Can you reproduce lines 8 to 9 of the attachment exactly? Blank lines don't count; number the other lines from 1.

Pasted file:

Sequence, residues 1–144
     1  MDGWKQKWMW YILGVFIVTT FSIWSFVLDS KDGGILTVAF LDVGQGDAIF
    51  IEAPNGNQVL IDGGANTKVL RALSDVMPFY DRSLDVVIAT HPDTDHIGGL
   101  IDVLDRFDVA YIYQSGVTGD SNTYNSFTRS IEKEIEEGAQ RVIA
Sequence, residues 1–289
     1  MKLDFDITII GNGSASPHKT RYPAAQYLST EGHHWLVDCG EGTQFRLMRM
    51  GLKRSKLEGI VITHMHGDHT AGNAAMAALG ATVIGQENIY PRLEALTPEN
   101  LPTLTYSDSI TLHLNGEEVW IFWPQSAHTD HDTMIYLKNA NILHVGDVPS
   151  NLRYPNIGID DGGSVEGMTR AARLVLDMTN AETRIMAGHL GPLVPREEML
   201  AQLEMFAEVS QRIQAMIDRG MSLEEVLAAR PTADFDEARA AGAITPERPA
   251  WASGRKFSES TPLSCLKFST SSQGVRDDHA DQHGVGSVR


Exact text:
   101  LPTLTYSDSI TLHLNGEEVW IFWPQSAHTD HDTMIYLKNA NILHVGDVPS
   151  NLRYPNIGID DGGSVEGMTR AARLVLDMTN AETRIMAGHL GPLVPREEML